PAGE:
Concord Student Presents Research in England
Athens, W.Va. – Attending a conference on mathematics might be boring to some, but what if the conference were in England, and what if there would be a way to use your love of mathematics to enhance recordings of your favorite music?
To Oceana native, Russell P. Stewart, thinking of music and mathematics together is natural since he majored in mathematics, computer science, and interdisciplinary music at Concord University. Stewart graduated in May 2006 and is now pursuing graduate studies in mathematics at Virginia Tech.
On December 18, Stewart presented a paper entitled, “Bach and Fourier: The Odd Couple?” at the Seventh International Conference on Mathematics in Signal Processing in Cirencester, England. Concepts presented at this conference might, for example, be used to improve the quality of a cellular telephone call or a television picture. Signal processing involves some extremely difficult mathematical problems and conference organizers are hoping to attract mathematicians into this field of study.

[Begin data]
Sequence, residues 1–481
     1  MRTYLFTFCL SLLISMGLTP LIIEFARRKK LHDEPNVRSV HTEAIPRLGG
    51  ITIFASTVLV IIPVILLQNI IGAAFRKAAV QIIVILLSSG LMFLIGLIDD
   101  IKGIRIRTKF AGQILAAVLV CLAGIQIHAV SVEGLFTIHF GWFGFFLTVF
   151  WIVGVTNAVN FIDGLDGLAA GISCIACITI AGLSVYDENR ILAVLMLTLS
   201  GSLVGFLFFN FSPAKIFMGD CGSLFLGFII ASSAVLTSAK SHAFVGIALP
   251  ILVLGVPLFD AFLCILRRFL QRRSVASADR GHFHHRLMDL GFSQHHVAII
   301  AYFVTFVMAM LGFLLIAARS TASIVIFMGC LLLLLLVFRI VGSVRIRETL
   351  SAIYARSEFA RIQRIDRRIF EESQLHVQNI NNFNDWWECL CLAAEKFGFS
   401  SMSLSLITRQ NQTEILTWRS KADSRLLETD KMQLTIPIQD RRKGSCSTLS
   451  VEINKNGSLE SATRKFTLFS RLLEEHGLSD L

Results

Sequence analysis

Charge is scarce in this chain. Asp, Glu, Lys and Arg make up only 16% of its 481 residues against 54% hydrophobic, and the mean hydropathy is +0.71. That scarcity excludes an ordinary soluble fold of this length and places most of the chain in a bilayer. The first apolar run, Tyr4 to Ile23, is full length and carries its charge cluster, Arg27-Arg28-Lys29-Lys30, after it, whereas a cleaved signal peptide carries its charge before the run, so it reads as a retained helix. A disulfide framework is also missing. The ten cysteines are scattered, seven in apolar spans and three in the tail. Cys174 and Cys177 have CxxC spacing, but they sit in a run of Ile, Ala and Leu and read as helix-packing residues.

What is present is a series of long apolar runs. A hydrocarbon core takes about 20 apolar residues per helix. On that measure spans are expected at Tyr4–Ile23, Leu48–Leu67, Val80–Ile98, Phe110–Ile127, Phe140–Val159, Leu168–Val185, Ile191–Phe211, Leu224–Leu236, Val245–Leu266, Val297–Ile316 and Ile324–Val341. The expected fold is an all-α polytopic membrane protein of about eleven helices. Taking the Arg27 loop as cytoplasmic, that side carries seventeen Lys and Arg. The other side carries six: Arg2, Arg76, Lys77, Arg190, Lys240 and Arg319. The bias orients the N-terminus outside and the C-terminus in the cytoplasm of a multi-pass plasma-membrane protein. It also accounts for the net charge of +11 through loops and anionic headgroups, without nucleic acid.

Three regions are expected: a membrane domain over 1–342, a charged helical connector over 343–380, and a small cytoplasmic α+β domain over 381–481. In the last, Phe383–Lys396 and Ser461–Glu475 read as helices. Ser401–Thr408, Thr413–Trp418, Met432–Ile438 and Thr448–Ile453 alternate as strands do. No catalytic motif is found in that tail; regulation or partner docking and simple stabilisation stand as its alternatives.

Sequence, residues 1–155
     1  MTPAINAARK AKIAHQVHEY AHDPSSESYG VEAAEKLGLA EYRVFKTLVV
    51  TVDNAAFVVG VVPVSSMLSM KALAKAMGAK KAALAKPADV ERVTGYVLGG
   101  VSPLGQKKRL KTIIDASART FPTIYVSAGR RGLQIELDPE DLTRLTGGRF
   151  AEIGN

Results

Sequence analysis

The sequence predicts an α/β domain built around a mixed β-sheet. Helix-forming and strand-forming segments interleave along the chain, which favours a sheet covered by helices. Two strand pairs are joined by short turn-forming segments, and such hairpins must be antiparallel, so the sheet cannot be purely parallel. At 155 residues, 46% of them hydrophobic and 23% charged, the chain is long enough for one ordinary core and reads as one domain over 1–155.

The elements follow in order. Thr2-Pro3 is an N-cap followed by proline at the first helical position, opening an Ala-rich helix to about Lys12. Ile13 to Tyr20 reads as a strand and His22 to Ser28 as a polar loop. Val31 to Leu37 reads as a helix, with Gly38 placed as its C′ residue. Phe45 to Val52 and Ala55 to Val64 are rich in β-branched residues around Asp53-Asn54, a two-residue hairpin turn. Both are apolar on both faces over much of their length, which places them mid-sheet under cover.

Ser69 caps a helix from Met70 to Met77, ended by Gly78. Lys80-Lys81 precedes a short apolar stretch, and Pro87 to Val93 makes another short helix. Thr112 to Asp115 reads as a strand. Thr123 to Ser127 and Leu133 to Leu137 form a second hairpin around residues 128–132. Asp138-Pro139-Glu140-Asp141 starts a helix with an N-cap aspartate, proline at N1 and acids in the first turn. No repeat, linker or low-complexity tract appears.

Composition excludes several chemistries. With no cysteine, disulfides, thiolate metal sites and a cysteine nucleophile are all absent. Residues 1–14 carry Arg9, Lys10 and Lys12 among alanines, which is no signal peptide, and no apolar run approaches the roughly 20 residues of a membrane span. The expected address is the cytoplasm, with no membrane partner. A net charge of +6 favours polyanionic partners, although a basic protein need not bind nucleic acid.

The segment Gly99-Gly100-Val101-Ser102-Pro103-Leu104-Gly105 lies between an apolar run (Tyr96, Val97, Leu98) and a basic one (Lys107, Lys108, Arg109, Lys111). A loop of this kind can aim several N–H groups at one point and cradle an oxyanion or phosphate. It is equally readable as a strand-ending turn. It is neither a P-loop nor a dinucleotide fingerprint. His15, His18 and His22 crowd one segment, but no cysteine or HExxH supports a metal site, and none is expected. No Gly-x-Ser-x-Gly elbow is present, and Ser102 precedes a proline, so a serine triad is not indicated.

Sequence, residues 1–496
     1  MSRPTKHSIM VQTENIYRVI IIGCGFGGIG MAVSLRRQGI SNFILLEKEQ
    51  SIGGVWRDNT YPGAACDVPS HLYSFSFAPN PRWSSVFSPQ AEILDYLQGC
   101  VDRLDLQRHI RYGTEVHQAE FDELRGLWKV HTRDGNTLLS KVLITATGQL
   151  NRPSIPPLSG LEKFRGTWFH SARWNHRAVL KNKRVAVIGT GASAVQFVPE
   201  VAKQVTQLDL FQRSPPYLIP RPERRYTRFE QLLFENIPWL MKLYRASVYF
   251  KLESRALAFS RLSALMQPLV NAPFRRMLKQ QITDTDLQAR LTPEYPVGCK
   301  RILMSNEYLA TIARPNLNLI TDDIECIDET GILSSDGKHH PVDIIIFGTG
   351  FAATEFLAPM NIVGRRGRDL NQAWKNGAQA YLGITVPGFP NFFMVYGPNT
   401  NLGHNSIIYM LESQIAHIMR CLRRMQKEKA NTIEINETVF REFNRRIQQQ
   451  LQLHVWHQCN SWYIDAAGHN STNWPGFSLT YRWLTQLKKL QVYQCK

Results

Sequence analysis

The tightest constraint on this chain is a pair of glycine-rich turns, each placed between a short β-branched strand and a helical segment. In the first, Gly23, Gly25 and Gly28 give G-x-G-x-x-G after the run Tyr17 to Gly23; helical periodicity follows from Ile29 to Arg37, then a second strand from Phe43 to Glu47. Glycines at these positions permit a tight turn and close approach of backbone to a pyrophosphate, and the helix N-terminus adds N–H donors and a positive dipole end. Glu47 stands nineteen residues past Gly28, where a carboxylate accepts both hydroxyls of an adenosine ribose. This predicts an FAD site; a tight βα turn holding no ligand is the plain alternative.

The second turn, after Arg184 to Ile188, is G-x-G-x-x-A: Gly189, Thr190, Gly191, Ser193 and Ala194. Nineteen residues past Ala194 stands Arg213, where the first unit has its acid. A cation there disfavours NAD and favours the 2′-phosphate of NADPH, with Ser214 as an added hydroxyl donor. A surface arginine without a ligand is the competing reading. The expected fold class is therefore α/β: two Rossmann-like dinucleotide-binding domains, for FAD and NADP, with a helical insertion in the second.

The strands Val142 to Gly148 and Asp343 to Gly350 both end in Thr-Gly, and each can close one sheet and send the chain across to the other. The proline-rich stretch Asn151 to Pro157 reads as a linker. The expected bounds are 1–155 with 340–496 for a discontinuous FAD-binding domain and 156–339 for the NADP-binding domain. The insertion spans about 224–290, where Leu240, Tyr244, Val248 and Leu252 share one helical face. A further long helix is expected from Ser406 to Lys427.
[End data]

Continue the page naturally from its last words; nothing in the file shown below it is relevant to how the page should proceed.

Stewart drew his inspiration from both Bach and Fourier. Johann Sebastian Bach (1685-1750), as most of us know, was a German musician who is regarded as one of the great composers of all time. Jean Baptiste Joseph Fourier (1768-1830) was a French mathematician and physicist who is best known for creating widely used mathematical tools that, in layman’s terms, can determine the composition of chemical compounds (spectroscopy, for example) or analyze acoustical signals.
The paper was part of Stewart’s senior project in an independent study course taught by Professor of Mathematics, Dr. W.R. Winfrey, at Concord University. Stewart’s research proved that he could, through mathematical formulas, change the key of a musical composition and that change would not have artifacts noticeable to the trained ear.
Professor Winfrey said, “The significant thing about this is that a professor and a student from a modest-sized school like Concord can go to an international scientific conference and have research recognized and accepted.
“Russell’s family has a small recording studio, recording the music of amateur performers. Quite often, an amateur performer will not know which key is the best for his or her performance: Russell’s software allows him to shift keys electronically and still retain the quality necessary for determining the proper key.”
PHOTO: Russell P. Stewart stands beside his research project. He proved that he could, through mathematical formulas, change the key of a musical composition and that change would not have artifacts noticeable to the trained ear.